Posted By Lai Perkins on November 26, 2013
From here, trails shoot off to Cody, Jackson Hole, and Dubois. Bridger Lake is the center of the Yellowstone backcountry, one of the largest protected wilderness areas in the lower 48 states. Elk and bighorn sheep first used these trails to get to winter grazing in the Big Horn Basin. Indians and trappers followed them. Finally outfitters came like John Winter, whose pack trip photographer Chris Johns and I had joined. The pack trip was funded by online paydayloans.
Four days we had been on horseback, covering more than a hundred miles, and we had not seen a power line or a paved road.
“I wonder who caused this mischief?” said Winter, a tall, soft-spoken man whose father had been an outfitter before him. He had ridden in a wide circle around our camp and had not found his packhorses.
Chris and I saddled up to help him look. He first explored the woods in back of camp. Winter listened for the horses’ bells and searched the ground for tracks. Finally he found hoof-prints heading toward Thorofare Creek.
Farther upstream we spotted the horses on a hillside and galloped up to them.
“Lead ‘em straight across the meadow and into the timber,” Winter instructed me. “We’ll be behind.”
I started across the sedge meadow to give the horses someone to follow. The ground was sodden, and I could see pools of water around me. Heavy rain and snow over the Continental Divide create these lush but dangerous areas that had unnerved Remington.
The next day we encountered one of those great spongy mountain meadows, which we were forced to skirt on the rocky timberstrewn hill-sides, until finally we ventured into it.
Suddenly the horses bolted at a full gallop on either side of me. I followed them. Looking back, I saw Winter with a determined look on his face spur his horse across the meadow to cut them off. Then he fell. Horse and rider tumbled into a hidden gully in the sedges.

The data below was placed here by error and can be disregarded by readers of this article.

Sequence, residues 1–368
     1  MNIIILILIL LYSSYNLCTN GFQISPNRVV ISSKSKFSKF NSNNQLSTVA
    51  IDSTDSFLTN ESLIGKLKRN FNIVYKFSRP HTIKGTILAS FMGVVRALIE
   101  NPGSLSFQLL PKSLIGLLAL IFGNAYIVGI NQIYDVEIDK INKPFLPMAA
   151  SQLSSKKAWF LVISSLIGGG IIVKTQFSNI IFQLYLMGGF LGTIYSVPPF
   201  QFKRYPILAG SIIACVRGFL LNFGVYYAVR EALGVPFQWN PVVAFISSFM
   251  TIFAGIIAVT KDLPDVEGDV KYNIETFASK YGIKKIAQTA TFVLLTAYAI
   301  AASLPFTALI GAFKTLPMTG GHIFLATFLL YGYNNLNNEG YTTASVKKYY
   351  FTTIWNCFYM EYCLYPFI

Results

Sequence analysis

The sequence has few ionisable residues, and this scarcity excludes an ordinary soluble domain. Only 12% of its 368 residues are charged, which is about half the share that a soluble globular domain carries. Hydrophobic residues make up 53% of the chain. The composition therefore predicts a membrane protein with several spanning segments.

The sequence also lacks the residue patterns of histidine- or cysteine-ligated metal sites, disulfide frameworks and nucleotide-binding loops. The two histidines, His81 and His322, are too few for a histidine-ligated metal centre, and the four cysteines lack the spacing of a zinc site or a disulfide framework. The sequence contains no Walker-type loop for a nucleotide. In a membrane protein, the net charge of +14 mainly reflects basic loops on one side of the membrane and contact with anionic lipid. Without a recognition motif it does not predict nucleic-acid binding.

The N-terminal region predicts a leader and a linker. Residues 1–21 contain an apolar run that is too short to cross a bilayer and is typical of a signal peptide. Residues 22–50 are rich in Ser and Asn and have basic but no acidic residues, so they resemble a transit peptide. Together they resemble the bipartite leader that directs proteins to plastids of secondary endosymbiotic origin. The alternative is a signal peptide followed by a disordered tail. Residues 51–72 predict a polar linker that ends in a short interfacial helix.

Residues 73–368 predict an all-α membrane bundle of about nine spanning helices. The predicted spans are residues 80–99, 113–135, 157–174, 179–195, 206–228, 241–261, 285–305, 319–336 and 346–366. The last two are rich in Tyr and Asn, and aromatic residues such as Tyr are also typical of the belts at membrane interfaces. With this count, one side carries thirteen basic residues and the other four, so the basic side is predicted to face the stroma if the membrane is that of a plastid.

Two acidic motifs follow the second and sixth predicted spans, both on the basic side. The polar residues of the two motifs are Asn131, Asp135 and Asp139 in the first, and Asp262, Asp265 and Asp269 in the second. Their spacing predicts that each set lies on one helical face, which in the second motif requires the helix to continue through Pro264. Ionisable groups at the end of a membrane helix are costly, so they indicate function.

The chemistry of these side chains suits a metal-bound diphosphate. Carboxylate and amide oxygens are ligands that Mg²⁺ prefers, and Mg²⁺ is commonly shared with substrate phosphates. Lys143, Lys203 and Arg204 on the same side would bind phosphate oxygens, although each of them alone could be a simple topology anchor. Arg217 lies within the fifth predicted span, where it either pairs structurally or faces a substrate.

I stayed with the horses until they stopped by a large pool, uncertain how to cross. Winter came on foot, carrying a bridle.
“Need another horse,” he said.
I gasped in horror.
“Horse’s neck snapped when he went down. He’s gone. Didn’t know what hit him.”
Winter went over to a black horse and gently put the bridle around his head. I was frozen in my saddle. How could this happen? One minute a strong, magnificent animal is galloping across a meadow. The next, lying lifeless in a gully? Did we all need such a grim reminder that life hangs on a thread here?
“It might have been Winter,” Chris said to me. “Thank God he wasn’t hurt.”
Two days before, we had been riding on a high, windswept ridge just below the Divide. Nothing around us but an endless expanse of alpine meadow. The sun shone brilliantly. I felt exhilarated, full of life’s possibilities. Winter felt differently.
“This country humbles you,” he had said. “Here, a storm could come up. Something could happen to the horses. You could get killed. I feel pretty small. That’s the way it should be. . . .”
Now I understood him.
And I understood Remington better. In a bronze called “The Wicked Pony,” a fallen rider angrily grabs his horse’s ear, hoping to pull the animal to the ground. Instead, said Remington, who had witnessed the event, the horse’s hind legs came down, crushing the rider’s skull and killing him instantly. Remington did not spare us the West’s harsh realities.